Suzuki has come out swinging for the 2008 model year, unveiling a more powerful Hayabusa, the radical monster-motored B-King streetfighter, a sensible middleweight sportbike, variations of the muscle-cruiser M109R, and the fuel-injected RM-Z450 motocrosser.
Suzuki has dropped its anticipated bomb in the speed wars with a thoroughly overhauled Hayabusa, but there’s much more early-release news from Team S.
The formerly unassailable speed king ’Busa shares Suzuki spotlight with another big-bore bruiser, the Transformer-ish B-King streetfighter that uses a version of the Hayabusa’s powerplant. And if that’s not enough, Suzi is also delivering a sensible sportbike, the GSX650, based off the Euro-only Bandit 650, plus a few new takes on the M109R uber-cruiser. And then there’s the first mass-production motocrosser with fuel injection, the new RM-Z450.
But above all is the flagship Hayabusa that has become a modern-day sportbike icon. Visually, this ’08 model isn’t a big departure from the unique, flowing lines of the original that debuted in 1999. Sharp eyes will notice smoother curves, a taller windscreen and faired-in turnsignals front and rear. But the signature silhouette with bulging tail hump remains distinctly Hayabusa.
The big news is down in the engine room where the cylinders got a 2mm bore job to yield 1340cc (up from 1299cc) of mega motor.
Suzuki is claiming a 12% increase in power, which will probably out-grunt the current class champ ZX-14 Kawasaki. Cool stuff inside include titanium valves, shot-peened chromoly connecting rods, a shallower combustion chamber angle and a compression ratio bumped to a high 12.5:1 (from 11.0:1). This should made the big ’Bus more than ready to rumble against Kawasaki’s ballistic upstart ZX-14. As with the 2007 GSX-R1000, the ’Hayabusa sports a rider-adjustable power mode selector. Three positions are available: fast; way fast; and oh-my-god fast. A slipper clutch is a new addition.
Size-wise, the rejuvenated Hayabusa adds a couple of inches of length even though the wheelbase remains at 58.5 inches. Its 485-pound claimed dry weight is up 7 over the previous version. Seat height remains at a reasonable 31.7 inches, but the passenger perch is now a bit lower than before. A new inverted fork holds radial-mount brake calipers and 310mm rotors.
No word yet on pricing, but we can tell you that you’ll have your choice of three color schemes: a stealthy black and gray, a mature-looking blue and black, and an eye-grabbing orange and black.
If the Hayabusa is for speed freaks (and it is), this new B-King brings big power to a slightly slower environment. With a Hayabusa-based motor, this radical new naked promises to be the most powerful streetfighter on the market.
Aluminum frame rails cradle a burly inline-Four which the rumor mill suggest will churn out 184 crankshaft horsepower. This should translate to nearly 160 ponies at the rear wheel. Peak crank torque of 108 pound-feet arrives at just 7200 rpm, so downshifting will be virtually optional. A two-position Drive Mode Selector allows for a softer power delivery when maximum juice isn’t needed.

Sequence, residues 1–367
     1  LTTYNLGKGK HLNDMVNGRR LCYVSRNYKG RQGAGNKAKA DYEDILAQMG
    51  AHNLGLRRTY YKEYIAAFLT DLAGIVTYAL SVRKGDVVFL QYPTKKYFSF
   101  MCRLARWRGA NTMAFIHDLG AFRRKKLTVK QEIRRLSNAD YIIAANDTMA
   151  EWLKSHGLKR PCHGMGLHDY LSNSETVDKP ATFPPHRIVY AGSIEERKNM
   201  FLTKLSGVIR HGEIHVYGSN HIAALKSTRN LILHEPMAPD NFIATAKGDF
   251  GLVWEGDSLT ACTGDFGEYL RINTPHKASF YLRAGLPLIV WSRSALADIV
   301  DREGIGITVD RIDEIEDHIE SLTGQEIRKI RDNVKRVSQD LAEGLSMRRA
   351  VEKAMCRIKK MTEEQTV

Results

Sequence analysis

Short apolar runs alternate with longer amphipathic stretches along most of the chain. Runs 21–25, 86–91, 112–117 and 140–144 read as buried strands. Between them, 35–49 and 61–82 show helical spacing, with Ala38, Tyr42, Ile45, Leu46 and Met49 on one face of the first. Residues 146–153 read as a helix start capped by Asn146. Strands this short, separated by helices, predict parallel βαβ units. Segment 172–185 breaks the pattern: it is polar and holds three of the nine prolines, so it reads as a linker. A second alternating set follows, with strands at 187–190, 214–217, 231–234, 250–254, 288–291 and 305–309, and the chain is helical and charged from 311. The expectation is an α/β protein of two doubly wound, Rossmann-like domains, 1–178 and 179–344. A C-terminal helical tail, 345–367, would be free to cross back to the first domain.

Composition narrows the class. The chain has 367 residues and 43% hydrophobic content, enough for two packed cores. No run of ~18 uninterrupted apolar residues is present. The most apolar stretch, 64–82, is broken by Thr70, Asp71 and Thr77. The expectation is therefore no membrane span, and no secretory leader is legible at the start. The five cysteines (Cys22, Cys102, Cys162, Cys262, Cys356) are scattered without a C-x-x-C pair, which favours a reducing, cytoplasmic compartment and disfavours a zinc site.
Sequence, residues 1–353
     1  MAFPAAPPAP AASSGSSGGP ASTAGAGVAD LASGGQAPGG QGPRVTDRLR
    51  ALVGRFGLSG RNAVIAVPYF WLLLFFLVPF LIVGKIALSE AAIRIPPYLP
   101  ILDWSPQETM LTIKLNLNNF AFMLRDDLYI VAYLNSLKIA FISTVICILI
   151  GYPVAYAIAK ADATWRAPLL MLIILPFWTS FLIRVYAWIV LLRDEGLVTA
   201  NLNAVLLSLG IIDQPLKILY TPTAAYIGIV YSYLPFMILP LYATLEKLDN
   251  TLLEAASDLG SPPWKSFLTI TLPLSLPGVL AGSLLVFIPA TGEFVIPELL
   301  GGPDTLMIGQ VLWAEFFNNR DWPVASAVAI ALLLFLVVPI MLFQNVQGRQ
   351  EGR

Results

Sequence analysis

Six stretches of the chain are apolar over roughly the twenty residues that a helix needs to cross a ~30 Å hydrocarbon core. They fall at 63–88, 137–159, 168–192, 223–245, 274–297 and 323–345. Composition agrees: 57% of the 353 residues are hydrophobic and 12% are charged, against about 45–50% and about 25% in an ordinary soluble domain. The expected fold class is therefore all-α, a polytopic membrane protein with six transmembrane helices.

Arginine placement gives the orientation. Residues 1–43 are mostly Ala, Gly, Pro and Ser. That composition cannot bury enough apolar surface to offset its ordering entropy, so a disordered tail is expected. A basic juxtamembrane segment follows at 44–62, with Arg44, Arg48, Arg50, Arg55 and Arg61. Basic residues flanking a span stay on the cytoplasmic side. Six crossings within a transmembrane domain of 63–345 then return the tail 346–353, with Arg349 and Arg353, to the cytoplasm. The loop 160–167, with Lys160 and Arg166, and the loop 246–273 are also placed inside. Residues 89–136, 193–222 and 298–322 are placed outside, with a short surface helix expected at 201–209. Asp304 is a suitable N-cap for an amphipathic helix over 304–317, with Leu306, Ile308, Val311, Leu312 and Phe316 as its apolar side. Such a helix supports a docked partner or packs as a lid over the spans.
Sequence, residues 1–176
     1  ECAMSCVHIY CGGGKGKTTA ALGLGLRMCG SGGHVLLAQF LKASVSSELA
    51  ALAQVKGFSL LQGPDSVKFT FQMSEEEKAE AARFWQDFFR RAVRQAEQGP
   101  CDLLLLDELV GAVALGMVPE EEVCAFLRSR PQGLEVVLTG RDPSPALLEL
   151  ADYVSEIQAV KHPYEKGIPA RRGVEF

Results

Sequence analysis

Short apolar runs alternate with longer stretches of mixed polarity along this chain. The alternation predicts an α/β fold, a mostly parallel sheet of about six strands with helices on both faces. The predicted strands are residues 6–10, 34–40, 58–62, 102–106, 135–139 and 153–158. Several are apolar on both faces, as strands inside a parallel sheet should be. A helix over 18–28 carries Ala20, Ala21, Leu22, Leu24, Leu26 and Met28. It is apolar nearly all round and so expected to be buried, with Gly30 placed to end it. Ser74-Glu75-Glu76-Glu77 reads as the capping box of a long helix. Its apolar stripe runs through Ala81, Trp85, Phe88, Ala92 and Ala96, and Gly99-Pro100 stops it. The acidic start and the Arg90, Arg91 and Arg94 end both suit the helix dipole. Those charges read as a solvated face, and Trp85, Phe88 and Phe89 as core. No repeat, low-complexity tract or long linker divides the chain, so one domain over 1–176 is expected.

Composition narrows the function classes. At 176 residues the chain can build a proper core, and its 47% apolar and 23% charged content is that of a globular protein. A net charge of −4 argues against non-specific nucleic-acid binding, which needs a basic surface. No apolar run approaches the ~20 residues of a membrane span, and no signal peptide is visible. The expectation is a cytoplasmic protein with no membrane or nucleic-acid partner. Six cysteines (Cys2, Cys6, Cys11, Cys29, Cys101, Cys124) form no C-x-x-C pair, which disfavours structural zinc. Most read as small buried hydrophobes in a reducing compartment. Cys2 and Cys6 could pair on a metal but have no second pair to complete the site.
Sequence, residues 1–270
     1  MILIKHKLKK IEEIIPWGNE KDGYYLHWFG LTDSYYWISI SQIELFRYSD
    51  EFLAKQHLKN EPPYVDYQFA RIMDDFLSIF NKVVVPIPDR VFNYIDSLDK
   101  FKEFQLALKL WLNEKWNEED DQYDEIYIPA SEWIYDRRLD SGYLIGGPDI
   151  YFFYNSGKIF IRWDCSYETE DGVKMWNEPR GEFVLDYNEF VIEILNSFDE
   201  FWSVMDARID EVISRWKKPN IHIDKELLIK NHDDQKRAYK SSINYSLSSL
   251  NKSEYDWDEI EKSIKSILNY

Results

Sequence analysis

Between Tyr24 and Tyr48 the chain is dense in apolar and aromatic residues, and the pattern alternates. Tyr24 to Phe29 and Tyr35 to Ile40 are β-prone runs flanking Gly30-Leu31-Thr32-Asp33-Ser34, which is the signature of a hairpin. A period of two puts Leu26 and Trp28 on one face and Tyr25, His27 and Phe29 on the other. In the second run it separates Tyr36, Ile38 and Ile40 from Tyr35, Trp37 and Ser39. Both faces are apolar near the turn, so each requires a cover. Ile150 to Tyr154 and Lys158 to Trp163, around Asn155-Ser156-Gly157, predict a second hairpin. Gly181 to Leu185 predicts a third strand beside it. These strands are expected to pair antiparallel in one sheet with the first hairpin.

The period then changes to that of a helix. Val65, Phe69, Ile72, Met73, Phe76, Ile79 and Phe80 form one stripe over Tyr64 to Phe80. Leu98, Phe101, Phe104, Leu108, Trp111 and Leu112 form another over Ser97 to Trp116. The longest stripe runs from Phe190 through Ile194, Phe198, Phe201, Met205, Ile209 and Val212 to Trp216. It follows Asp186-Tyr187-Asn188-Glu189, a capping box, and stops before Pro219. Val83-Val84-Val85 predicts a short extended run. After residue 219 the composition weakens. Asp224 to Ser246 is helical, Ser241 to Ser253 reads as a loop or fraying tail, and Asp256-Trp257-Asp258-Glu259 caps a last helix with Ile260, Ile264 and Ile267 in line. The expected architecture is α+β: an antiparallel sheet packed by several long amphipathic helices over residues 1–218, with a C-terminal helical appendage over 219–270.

Suzuki has gone out on a limb with the styling of the B-King, giving it a forward-looking, techie persona. If the Mr. Roboto headlight doesn’t grab your attention, the wildly styled twin underseat exhaust system surely will. We expect polarized opinions about the design.
A Kayaba fork leads the way and carries Nissin radial-mount brake calipers. A fat 200mm rear tire is housed in an attractive aluminum swingarm. Word on the street is to expect a claimed 530-pounds dry weight.
Picking up where the discontinued 600 Bandit and 750 Katana left off is this versatile new sporty bike that should have wide appeal. It’s based on the Bandit 650 naked sold in Europe, the middleweight makes the jump to America with the addition of a full fairing that U.S. consumers are fond of.
Unlike the old Bandit and the Kan-o-tuna, the GSX650F uses a liquid-cooled four-cylinder motor that is fuel-injected. A longish 57.9-inch wheelbase and a claimed 476-pound dry weight suggest steering characteristics that fall on the sport-touring side of the sportbike equation. The ergonomic layout appears similar to the Suzuki’s long-running GS500, with bars mounted above the triple-clamps, a fairly tall windscreen, and a moderate footpeg position. A single seat looks to provide comfort for rider and passenger, while a 5.0-gallon fuel tank promises many miles between gas stops.
The mighty M109R muscle-cruiser garnered lots of attention during its debut year in 2006, but its forward-looking styling missed the mark to those who prefer their cruisers to have a nostalgic appearance. For 2008, Suzuki is hitting both ends of the spectrum.
New this year is the C109R, which is basically an M109R dressed in traditional cruiser duds. The potent 1783cc V-Twin from the M is transplanted into the C virtually unchanged, so the liquid-cooled mill should still crank out 100-plus rear-wheel horsepower.
Other differences include a hidden shock arrangement for a hardtail look, linked brakes and two color choices, black or maroon. Also available is a touring version called the C109RT, replete with a windshield, leather saddlebags and a studded seat with a backrest.
Basically an M109R with a few special touches, such as screaming yellow paint with a white racing stripe, gauges with a checked-flag background and clear taillight lenses.
Another variation of the M109R, this time with a sculpted headlight unique to this model.
The first motocrosser in large-scale production to feature fuel-injection, the RM-Z is packed full of good stuff to challenge the dominant CRF450R and other major players. An aluminum fuel tank is used for its better sealing abilities for the EFI system that will make rejetting for different elevations a thing of the past. A new 5-speed transmission replaces the 4-cog unit of the past. This highly anticipated MXer will hit showrooms this fall.